Integrated Microreactor/Nanoelectrospray Emitter
Proteins broken-up into peptide components (using proteolytic enzymes) are injected into mass spectrometers for analysis using Nano-Electrospray Ionization (Nano-ESI) techniques. During capillary electrophoresis, one of the most favored techniques in the ionization-spray phase, some portions of peptides adsorb (stick) to the inner walls of the capillaries. This results in loss of expensive sample as well as in analytical inaccuracies. This technology describes a technique to immobilize the prote olytic enzymes such as trypsin on the inner walls of capillaries so that peptide adsorption is reduced and process efficiency is enhanced. Through the same, the new technique also provides for a high degree of integration amongst the proteolysis, sep aration and ionization phases since almost all protein can now be broken down and separated at the point of contact with the immobilized enzyme, obviating the requirement for a separate chromatographic separation phase. Other values of this technolog y are:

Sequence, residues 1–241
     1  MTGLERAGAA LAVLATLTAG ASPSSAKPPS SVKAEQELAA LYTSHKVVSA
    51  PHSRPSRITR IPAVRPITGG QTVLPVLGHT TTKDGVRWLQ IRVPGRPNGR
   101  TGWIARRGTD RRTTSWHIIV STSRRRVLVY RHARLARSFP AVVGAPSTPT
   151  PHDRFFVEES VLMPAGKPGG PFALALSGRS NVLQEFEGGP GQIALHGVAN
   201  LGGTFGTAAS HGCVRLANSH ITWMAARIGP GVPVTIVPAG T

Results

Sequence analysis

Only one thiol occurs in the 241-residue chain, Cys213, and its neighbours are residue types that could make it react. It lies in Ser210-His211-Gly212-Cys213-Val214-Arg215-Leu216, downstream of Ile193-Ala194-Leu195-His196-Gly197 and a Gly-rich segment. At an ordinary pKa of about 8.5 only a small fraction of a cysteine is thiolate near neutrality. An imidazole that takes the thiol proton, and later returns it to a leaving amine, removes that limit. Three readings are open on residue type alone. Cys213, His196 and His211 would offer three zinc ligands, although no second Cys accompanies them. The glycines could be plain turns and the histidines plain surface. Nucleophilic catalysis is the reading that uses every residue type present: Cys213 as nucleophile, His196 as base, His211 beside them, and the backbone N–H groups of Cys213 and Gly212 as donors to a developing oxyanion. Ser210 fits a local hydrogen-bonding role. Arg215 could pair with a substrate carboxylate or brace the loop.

a) While protein digestion by trypsin in solution takes 18-24 hours, trypsin in immobilized form digests the protein in only 15 minutes even for diluted concentrations (100x), resulting in high digestion efficiency b) No trypsin autodigest ion products produced c) The sequence coverage of amino acids within the protein is as high as 90%
d) Sample requirement is minimal (~ 1 µL) e) Immobilization is done using covalent chemical bonding; easy cleaning and reusability possible
The technology can be employed in any scenario that requires protein analysis using mass spectrometry.
Categories: Genomics, Nanotechnology
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